By Abubakar Jimoh
Nigerians are gearing up for the 2015 general elections but not without fear of possible widespread political violence. In fact, some political analysts and observers have predicted pervasive violence considering a similar experience which transpired especially in most northern part of the country in 2011.
However, citizen must be optimistic that this forecast, even if it occurs, could be snappishly averted through adequate preparedness and response by the relevant agencies. At least, such brouhaha is not entirely a new circumstance to actors in especially emergency management business in Nigeria.
There is the need for voters to exercise relevant pre-emptive measures to counter the notorious prediction, which allegedly was earlier predicted by United States, saying that the world is expecting a disastrous meltdown of the Nigeria come general elections.
Just as electoral violence in transition and fragile country like Nigeria requires understanding the broader landscape of the conflict and how such can effectively managed, the ability of a country to successfully conduct non-violent elections is a vital indicator of the consolidation of its democracy and a necessary condition for free and fair citizen participation in the electoral process.
Warring about the persistent level of electoral conflict in Africa, in 2011, Prof. Jendayi Frazer, Director of the Center for International Policy and Innovation (CIPI) at Carnegie Mellon University, argued that in Africa, with its high degrees of societal and cultural diversity, and relatively weaker mediating institutions, electoral violence remains a crucial challenge that requires deeper investigation and collective action to address.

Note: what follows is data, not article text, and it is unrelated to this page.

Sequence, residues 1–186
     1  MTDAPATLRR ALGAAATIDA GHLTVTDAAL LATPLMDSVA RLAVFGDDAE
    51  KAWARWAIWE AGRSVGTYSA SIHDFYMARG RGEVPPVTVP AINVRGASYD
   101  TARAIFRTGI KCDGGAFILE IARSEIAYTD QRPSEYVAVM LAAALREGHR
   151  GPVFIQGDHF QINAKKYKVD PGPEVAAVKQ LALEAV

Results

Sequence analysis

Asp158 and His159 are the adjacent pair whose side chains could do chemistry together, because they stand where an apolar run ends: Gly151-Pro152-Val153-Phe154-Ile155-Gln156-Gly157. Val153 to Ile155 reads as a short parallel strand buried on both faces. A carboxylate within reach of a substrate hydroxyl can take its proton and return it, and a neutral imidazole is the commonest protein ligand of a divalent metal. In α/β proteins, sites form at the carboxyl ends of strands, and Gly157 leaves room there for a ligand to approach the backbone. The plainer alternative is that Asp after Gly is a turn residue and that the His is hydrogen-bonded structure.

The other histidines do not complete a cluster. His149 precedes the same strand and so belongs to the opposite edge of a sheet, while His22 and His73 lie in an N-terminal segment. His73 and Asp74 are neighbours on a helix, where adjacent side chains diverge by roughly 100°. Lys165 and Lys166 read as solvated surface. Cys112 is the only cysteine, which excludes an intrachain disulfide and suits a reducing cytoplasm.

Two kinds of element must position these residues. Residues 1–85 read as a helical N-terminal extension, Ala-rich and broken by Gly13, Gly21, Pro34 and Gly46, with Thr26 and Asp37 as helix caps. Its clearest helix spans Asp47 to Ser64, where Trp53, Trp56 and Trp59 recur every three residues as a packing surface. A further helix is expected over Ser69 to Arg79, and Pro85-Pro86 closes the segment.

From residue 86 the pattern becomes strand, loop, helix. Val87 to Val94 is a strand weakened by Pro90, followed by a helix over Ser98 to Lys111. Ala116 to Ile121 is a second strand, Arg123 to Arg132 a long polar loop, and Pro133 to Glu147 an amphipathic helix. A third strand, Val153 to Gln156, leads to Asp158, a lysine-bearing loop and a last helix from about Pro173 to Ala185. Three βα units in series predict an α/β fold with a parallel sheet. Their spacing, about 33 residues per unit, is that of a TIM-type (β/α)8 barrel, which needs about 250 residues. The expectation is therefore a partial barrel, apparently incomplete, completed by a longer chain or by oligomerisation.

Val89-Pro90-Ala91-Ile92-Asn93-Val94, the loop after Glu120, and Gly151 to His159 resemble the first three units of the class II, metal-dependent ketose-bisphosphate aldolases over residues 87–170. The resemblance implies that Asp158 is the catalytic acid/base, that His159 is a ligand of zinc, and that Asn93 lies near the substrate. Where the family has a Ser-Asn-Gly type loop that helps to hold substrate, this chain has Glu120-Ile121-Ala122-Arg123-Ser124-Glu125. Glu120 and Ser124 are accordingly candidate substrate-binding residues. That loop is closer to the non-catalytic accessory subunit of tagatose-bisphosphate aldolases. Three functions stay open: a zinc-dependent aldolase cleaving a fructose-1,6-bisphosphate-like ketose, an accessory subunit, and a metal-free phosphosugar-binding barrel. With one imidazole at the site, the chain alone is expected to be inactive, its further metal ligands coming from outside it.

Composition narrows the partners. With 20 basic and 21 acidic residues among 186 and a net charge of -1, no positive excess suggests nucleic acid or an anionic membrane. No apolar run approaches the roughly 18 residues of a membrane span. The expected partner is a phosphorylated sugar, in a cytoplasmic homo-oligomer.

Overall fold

Similarly, addressing a coalition of over 60 civil society organizations in Abuja, recently on their role in ensuring electoral integrity, Former Secretary-General of the United Nations and Chairman of the Global Commission on Elections, Democracy and Security, Mr. Kofi Annan Annan bemoaned that many elections that were conducted across Africa within the past two decades gave democracy a bad name.
Annan urged Nigerian leaders to think about the next generation rather than focusing on winning the next election at all cost, warning them to be careful with their language to avoid post-election violence, which he described as the bane of elections in Nigeria since 1999.